By Zacks Investments Editorial Team
Certainly, it's been a rough few weeks for the markets. Still, our team cannot urge you enough to stay steady - the fundamentals still look good. Too many times we've seen investors change their asset allocations in an emotional response to selling pressures, only to have this do more harm than good.
Now, for our regular programming...
China May be Getting Back on Track - Impossible. You know why? Because they were never really off track to begin with!
Though the figures almost certainly aren't exact or fully reliable, Q4 gross domestic product was said to have come in +6.8% from a year earlier, with full-year growth falling to +6.9%. It's the slowest growth rate in decades, sure. But it's also fairly stout growth for an economy that has grown as rapidly as China's. It makes fundamental economic sense that as a country or company grows in size, growth rates decline over time. General Electric (NYSE:GE) will never grow as fast as a successful Silicon Valley start-up. Other December data out of China was strong by developed nation standards, but disappointing by historical Chinese standards: Industrial output +5.9%; Retail sales +11.1%; Fixed Asset investment growth +10%.
The International Monetary Fund Cuts Growth Forecasts (Who Cares) - Some investors were spooked when the International Monetary Fund (IMF) cut its global growth forecasts to +3.4% in 2016 and +3.6% in 2017, down about -0.2% in both cases. The IMF cited a sharp slowdown in China trade, weak commodity prices and rising interest rates in the U.S. In other words, they're citing the same headwinds everyone has been talking about for well over a year. There are two takeaways we see: first is that the IMF constantly changes their outlook for global growth and are rarely correct; and second is that it's actually a positive to see analysts (and traders) temper their forecasts for growth. It allows a better opportunity for growth to surprise to the upside, which is good for stocks.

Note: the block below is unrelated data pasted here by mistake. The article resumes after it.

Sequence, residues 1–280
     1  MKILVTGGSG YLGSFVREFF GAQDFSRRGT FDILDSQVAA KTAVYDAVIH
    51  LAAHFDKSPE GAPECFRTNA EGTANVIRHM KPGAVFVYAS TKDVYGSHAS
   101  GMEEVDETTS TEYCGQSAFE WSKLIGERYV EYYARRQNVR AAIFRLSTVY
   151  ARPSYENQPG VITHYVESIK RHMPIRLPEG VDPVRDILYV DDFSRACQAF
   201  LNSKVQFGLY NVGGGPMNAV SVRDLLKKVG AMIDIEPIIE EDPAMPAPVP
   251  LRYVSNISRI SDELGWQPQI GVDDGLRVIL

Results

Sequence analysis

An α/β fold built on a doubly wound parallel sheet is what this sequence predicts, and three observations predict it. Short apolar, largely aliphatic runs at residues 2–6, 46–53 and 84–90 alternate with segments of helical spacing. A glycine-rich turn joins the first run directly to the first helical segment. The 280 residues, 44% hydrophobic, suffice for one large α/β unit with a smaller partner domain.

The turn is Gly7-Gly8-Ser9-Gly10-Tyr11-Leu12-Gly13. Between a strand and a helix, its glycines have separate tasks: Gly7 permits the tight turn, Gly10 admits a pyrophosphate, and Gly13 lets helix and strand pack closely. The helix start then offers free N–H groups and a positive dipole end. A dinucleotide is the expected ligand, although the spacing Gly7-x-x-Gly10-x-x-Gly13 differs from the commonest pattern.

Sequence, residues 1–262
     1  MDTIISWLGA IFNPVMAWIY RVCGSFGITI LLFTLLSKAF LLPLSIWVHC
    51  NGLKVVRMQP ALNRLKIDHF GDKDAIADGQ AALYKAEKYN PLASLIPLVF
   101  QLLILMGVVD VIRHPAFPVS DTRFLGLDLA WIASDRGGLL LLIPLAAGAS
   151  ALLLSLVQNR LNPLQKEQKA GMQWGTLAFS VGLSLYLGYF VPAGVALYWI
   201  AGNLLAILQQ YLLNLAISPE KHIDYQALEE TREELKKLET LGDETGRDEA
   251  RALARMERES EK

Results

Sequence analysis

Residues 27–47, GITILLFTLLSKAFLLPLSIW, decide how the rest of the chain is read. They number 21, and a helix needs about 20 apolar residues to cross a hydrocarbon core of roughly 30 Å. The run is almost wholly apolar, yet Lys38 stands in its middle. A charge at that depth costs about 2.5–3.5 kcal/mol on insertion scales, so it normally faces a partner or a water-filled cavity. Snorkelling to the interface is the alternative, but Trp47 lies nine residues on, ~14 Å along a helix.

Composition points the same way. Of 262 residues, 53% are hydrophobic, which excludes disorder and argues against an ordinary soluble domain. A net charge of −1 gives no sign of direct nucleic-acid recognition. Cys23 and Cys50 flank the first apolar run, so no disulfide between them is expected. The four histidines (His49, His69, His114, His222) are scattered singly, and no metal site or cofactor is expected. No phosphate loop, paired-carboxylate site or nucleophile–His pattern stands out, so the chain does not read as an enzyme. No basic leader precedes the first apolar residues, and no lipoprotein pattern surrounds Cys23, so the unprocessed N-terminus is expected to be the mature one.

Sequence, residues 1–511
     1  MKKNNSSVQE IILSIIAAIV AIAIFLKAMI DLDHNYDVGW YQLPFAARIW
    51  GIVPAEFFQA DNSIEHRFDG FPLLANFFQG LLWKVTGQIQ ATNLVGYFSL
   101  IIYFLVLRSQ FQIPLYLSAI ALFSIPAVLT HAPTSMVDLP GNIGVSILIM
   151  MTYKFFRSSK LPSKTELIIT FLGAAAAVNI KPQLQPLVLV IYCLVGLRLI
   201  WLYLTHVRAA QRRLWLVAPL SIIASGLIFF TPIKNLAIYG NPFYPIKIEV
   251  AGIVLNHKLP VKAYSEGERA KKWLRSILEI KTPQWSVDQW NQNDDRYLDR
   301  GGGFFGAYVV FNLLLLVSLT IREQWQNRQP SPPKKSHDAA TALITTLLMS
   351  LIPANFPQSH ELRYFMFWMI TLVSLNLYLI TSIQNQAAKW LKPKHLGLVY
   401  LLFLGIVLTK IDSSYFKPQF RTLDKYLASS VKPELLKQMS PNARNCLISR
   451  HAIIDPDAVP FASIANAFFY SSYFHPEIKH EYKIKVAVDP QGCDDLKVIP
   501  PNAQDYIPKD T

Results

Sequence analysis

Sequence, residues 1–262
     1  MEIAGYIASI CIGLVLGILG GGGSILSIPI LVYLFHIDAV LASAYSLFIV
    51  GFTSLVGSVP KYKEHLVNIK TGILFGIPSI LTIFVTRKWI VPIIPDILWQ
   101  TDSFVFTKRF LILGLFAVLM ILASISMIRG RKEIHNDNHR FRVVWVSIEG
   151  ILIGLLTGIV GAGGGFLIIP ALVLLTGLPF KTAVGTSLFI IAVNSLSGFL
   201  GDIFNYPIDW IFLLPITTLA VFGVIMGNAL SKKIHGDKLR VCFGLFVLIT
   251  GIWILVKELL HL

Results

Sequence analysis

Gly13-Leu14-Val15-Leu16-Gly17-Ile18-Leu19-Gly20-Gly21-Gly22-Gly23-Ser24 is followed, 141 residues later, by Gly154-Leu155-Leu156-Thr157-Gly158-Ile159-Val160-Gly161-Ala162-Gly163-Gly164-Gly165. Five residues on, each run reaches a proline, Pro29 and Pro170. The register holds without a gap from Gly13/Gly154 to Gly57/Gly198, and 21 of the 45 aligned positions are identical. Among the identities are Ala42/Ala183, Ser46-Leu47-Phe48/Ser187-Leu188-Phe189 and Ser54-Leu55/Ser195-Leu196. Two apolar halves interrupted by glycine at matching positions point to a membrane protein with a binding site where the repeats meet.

Checking in on Q4 Earnings - The early flow of earnings reports, particularly from the Finance sector, have been fairly decent so far. But you wouldn't know it just from looking at bank stocks, which haven't been responding well to Q4 results. Their underperformance is likely being driven by a combination of the market's evolving interest rate expectations (which have been running counter to the Fed's declared aims) and fears that losses from Energy sector loans are spiraling out of control (false fear). Beyond Finance, there haven't been any major surprises in the Q4 earnings season so far. We knew that growth would be challenged, and that's what we are seeing, with Q4 earnings growth for the S&P 500 on track to be in the negative for the third quarter in a row.
Looking at Q4 as a whole, total earnings for the S&P 500 index are expected to be down -6.8% from the same period last year on a -4.6% decline in revenues. The Energy sector's impact is in the opposite direction, with total earnings for the sector expected to be down -71.3% on -38.1% lower revenues. In Q2 and Q3, we had a scenario where earnings ex-Energy were nicely positive, so in aggregate, the underlying strength of the economy was being masked a bit. In Q4 the story is a little different, we think, as excluding the Energy sector could still produce negative earnings, down -1.1%. This could add to the volatility we see in coming weeks. Stay steady; earnings should post a nice comeback in the second half of the year.
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